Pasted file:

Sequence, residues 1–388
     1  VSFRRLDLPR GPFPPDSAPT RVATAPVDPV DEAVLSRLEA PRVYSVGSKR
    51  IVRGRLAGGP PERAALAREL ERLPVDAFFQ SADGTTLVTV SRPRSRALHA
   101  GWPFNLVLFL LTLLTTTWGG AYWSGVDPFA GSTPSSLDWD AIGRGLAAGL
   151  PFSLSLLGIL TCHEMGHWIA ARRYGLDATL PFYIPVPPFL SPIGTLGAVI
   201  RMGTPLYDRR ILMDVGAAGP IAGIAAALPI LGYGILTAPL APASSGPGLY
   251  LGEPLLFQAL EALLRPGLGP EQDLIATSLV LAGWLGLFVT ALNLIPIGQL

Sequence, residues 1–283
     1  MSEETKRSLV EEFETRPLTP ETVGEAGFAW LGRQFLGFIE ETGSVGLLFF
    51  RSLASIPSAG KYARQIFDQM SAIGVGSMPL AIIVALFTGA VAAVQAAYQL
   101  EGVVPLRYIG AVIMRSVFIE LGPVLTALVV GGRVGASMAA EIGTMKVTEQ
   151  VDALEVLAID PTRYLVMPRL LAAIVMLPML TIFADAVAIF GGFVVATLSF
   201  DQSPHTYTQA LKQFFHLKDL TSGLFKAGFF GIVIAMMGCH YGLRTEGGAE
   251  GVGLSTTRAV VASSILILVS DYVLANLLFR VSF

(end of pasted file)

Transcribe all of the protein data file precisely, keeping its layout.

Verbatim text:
Sequence, residues 1–388
     1  VSFRRLDLPR GPFPPDSAPT RVATAPVDPV DEAVLSRLEA PRVYSVGSKR
    51  IVRGRLAGGP PERAALAREL ERLPVDAFFQ SADGTTLVTV SRPRSRALHA
   101  GWPFNLVLFL LTLLTTTWGG AYWSGVDPFA GSTPSSLDWD AIGRGLAAGL
   151  PFSLSLLGIL TCHEMGHWIA ARRYGLDATL PFYIPVPPFL SPIGTLGAVI
   201  RMGTPLYDRR ILMDVGAAGP IAGIAAALPI LGYGILTAPL APASSGPGLY
   251  LGEPLLFQAL EALLRPGLGP EQDLIATSLV LAGWLGLFVT ALNLIPIGQL

Sequence, residues 1–283
     1  MSEETKRSLV EEFETRPLTP ETVGEAGFAW LGRQFLGFIE ETGSVGLLFF
    51  RSLASIPSAG KYARQIFDQM SAIGVGSMPL AIIVALFTGA VAAVQAAYQL
   101  EGVVPLRYIG AVIMRSVFIE LGPVLTALVV GGRVGASMAA EIGTMKVTEQ
   151  VDALEVLAID PTRYLVMPRL LAAIVMLPML TIFADAVAIF GGFVVATLSF
   201  DQSPHTYTQA LKQFFHLKDL TSGLFKAGFF GIVIAMMGCH YGLRTEGGAE
   251  GVGLSTTRAV VASSILILVS DYVLANLLFR VSF